Find out as much as you can about Pelvic Girdle Pain and ask for a referral to a physiotherapist at an early stage.
In some areas you may be able to refer yourself. The ACPWH Guidelines are a good starting point.
Try to remain as active as possible but accept your limitations and know when to accept help from others.
Don't compare yourself to others with the condition - everyone is affected differently.
Research has suggested that acupuncture can be helpful for managing pelvic girdle pain. In some areas it is available through the NHS so it would be worth enquiring about this.
If the health professional treating you is unfamiliar with the condition the ACPWH have also produced guidelines for health professionals which can be viewed on their website and purchased for a small fee. Click here to acess the ACPWH Guidelines for Health Professionals.
Ask for a second opinion if you are still having symptoms and the only treatment offered is a support belt and crutches or if no treatment is offered. If you are having difficulty finding a physiotherapist with experience of treating pelvic girdle pain please contact us by email at email@example.com and we will do our best to help you.
Day to day living
Sit down with your family and explain how your pelvic girdle pain is affecting your daily activities and what your worries and concerns are. Work out practical ways in which your day to day life can be made easier e.g getting help with collecting the children from school, hanging out washing, shopping, walking the dog, lifting and carrying etc Don't be afraid or embarrassed to ask for help from family or friends. Have a look at our occupational therapy page for further information and our links page for further information on other agencies which may be able to help such as home start.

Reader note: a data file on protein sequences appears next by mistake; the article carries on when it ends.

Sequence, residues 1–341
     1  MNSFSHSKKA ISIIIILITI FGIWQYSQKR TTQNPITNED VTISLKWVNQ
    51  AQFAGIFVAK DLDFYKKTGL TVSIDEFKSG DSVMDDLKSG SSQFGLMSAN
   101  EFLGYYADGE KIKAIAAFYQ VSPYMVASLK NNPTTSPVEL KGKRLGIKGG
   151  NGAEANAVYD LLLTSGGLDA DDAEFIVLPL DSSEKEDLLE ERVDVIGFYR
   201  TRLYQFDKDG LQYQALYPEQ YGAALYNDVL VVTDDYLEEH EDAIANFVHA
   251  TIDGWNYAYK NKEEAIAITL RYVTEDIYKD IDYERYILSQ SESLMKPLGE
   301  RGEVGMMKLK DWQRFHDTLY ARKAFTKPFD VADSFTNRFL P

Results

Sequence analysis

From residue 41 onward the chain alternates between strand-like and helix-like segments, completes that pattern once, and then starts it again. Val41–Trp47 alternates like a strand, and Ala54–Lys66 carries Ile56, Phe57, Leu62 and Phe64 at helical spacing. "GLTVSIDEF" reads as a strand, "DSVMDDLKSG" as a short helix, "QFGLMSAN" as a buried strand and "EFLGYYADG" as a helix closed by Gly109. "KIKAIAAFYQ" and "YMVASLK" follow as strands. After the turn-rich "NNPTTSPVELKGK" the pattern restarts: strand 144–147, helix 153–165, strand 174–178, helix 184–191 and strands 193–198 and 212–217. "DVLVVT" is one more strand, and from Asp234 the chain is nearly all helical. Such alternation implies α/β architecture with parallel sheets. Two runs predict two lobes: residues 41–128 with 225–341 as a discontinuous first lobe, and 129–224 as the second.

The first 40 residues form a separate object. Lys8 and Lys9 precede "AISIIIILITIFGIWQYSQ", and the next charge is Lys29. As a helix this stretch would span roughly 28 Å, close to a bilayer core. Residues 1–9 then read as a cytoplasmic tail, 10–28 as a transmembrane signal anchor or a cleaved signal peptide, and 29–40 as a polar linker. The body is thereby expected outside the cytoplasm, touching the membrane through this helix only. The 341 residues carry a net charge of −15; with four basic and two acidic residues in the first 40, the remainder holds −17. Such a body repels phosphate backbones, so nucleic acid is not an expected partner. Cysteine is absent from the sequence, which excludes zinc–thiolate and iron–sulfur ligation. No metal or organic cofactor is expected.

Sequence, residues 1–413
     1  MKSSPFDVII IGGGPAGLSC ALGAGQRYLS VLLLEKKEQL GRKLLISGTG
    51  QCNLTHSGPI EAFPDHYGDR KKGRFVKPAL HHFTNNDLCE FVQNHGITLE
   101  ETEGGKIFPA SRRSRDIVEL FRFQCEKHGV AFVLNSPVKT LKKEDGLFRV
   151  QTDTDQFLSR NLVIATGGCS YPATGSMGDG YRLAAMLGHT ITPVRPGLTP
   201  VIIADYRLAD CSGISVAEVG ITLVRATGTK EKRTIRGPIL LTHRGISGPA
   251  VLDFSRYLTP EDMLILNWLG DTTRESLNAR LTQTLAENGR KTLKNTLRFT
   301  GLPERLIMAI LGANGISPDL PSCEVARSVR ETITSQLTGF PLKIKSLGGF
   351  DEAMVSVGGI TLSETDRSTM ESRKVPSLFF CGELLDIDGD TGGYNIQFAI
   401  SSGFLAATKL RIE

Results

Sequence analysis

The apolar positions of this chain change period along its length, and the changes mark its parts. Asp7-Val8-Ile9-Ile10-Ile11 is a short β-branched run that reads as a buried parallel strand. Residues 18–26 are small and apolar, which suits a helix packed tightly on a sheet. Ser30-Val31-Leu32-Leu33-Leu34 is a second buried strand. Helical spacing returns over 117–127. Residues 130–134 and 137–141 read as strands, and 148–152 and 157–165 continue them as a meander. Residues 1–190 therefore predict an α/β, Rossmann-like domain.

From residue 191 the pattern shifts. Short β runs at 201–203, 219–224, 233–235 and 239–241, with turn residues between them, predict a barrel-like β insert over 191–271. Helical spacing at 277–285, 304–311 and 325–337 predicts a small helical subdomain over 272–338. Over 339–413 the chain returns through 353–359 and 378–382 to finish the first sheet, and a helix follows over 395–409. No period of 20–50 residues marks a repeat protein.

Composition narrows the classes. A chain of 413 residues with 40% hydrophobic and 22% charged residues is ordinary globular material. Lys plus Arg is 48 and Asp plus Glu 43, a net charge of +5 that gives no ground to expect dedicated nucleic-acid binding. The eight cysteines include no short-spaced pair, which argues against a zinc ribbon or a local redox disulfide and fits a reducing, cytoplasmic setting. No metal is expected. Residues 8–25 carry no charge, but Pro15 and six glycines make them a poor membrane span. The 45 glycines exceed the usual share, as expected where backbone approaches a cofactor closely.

If you are having difficulties with activities of daily living such as bathing, dressing, cooking etc ask your GP to refer you to an Occupational Therapist.
An Occupational Therapist can visit you at home and look at practical way to make things easier for you which can include:
A body pillow may be worth considering as it is much easier and less painful to sleep with one of these. When sleeping on your side the pillow can be placed between your knees and then under your bump for optimum support.
Our Occupational Therapy and useful links page have further information.
Discuss any concerns with your midwife and make sure that the fact that you have pelvic girdle pain is recorded in your notes, together with your pain free gap. Discuss with your midwife, birth partner/s and physiotherapist the best positions for labour and birth.
Getting out and about
If your mobility has become affected such that you have become mainly housebound as a result of pelvic girdle pain it can be hugely therapeutic to have a trip out to the shops. This can be made easier by the Shopmobility Schemes which operate throughout the country and rent out a wide variety of mobility aids, often free of charge or for a small donation.
Sitting on a carrier bag can make it easier to get in and out of the car. To get into the car, sit first then swivel your legs in together. To get out of the car push the seat back then swivel your legs out.
Caring for small children
Take particular care when lifting and carrying and avoid carrying a child on one hip. See our general advice page for further information.
If you have still to purchase a second stage car seat you might consider the Bebeconfort Axiss Seat which swivels round to the side and then back again thus making it much easier to get restless toddlers in and out of the car. This seat is now available from many of the major retailers including mothercare. It does retail at approximately twice the price of many of the other standard stage two car seats but considering how often you have to put toddlers in and out of the car it may well be a worthwhile investment.
Ensure that pushchairs, prams and changing stations are at a comfortable height for you.
Find out about possible sources of support in your area such as home start and talk things over with your health visitor.